- Mining Lands Administration System (MLAS) improvements: The Ministry is working to improve the MLAS and seeks input on additional changes that would be beneficial for the submission of assessment work.
- Resolving issues related to boundary claims and maximizing land available for mineral exploration: The Ministry is looking for solutions related to boundary claims and the allocation of white space within grid cells.
- General amendments: The Ministry is exploring the possibility of moving work types out of regulation and into policy. Feedback is sought on this approach and the frequency of reviewing work types.
The Ministry believes consulting on the assessment work regime will assist the Ministry in developing an updated framework that will support Ontario’s efforts to increase the competitiveness of the mineral sector and support strong supply chains. It is expected that adding to the geoscience database will enhance the understanding and attractiveness of Ontario’s mineral potential.
Ontario’s mineral exploration plans and permits regime
Increased global interest in Ontario’s mineral resources, especially critical minerals, has led to a surge in mining claim registrations and exploration spending. However, industry stakeholders have voiced concerns about the current regulatory process being time-consuming, costly and challenging to navigate. To maintain Ontario’s competitiveness in the global exploration sector, the Ministry is exploring ways to eliminate unnecessary barriers to mineral supply development, better aligning with Ontario’s Critical Minerals Strategy.
Additionally, the Ministry has recognized the frustration of some Indigenous communities dealing with the numerous notifications and separate consultation processes linked to early exploration activities. In response, the Ministry has committed to enhancing administrative efficiency while ensuring that Indigenous rights are respected.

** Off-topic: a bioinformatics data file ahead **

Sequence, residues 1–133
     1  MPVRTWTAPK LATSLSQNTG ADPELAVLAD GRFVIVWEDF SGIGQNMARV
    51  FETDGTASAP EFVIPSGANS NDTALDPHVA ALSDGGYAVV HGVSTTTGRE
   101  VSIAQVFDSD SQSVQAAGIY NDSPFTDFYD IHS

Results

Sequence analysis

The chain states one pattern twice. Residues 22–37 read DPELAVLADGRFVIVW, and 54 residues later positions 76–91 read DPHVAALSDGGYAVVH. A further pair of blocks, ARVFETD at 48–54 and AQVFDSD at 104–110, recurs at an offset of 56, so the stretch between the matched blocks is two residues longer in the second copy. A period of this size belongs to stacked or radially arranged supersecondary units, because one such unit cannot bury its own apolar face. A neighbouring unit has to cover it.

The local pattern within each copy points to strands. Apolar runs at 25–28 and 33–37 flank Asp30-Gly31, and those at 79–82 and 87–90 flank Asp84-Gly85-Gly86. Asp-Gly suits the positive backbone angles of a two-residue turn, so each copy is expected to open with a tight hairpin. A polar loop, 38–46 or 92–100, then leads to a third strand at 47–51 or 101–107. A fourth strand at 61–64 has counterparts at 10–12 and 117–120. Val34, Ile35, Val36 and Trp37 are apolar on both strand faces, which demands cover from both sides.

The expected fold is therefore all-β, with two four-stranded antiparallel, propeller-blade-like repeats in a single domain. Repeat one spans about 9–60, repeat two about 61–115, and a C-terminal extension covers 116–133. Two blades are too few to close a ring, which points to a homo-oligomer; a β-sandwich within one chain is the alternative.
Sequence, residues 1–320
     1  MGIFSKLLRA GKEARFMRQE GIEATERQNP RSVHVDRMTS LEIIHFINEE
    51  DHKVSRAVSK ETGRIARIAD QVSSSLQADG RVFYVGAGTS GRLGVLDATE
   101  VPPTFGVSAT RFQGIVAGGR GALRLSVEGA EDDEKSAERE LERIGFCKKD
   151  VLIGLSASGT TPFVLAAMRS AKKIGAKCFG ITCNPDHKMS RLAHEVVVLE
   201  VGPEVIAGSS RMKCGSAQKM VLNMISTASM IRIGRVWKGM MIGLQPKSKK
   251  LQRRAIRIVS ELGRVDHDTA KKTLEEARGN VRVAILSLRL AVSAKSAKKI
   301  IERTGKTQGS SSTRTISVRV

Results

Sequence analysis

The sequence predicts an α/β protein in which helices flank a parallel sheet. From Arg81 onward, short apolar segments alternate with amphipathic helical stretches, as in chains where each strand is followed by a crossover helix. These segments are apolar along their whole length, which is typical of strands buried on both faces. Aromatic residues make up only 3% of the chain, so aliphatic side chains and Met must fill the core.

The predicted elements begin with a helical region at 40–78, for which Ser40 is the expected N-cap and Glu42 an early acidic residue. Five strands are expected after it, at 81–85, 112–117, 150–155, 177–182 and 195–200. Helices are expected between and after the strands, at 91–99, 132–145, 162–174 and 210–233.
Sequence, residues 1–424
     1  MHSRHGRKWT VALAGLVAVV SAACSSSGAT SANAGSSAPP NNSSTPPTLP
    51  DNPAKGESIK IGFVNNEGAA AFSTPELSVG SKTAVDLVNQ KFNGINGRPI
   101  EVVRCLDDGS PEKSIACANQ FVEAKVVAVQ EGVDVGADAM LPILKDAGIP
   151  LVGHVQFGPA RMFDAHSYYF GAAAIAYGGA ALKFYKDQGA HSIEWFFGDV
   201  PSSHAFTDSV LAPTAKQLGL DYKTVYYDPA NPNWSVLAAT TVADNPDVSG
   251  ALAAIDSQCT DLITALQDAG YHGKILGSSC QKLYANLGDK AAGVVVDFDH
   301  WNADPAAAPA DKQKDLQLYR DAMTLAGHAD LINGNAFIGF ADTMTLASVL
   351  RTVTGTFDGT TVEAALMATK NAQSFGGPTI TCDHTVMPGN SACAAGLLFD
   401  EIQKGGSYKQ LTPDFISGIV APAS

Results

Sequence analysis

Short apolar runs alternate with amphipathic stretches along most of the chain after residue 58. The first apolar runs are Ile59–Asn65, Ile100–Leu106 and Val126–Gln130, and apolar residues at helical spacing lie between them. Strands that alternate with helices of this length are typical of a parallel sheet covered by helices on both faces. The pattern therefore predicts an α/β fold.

The Ministry is seeking public input on three key themes: modernizing requirements, increasing flexibility and reducing administrative burden.
Modernizing requirements for exploration plans and permits and encouraging innovation
The Ministry is considering updating thresholds for regulating early exploration activities based on technological advancements. Feedback is sought on whether the current thresholds need to be changed, how they should be changed and if alternative approaches are viable.
Increase flexibility in the plans and permits regime
The Ministry is addressing the need for greater geographic flexibility in permits, reducing the impact of delays in the permitting process. Input is needed on parameters for geographic areas, whether the current standards are appropriate and other aspects of mapping. Feedback on operational flexibility is also needed, as exploration projects can change over time.
Reducing administrative burden and increasing efficiencies
The Ministry is working on improving administrative efficiencies through digital solutions in the Mining Lands Administration System (MLAS). The Ministry is open to suggestions for further improvements to the MLAS experience. The Ministry also want to hear about any permitting application processes that should be removed or added. Additionally, the Ministry is considering establishing service standards to provide transparency about typical timeline expectations.
Interested parties are encouraged to provide feedback on these themes, as well as any other proposals that could improve the exploration sector in Ontario. The Ministry’s aim is to inform possible regulatory or policy changes in the future, with a focus on consultation and addressing Indigenous community concerns.
Ontario’s mineral exploration initiatives are vital to the province’s economic growth and global competitiveness. By seeking public input on both the assessment work regime and the exploration plans and permits regime, the Ministry aims to streamline processes, enhance the geoscience database and address concerns from industry stakeholders and Indigenous communities. Public participation in these consultations is crucial to shaping the future of Ontario’s mining sector.
The comment period for both proposals closes on December 3, 2023. Stakeholders are encouraged to provide their input and suggestions via email or mail.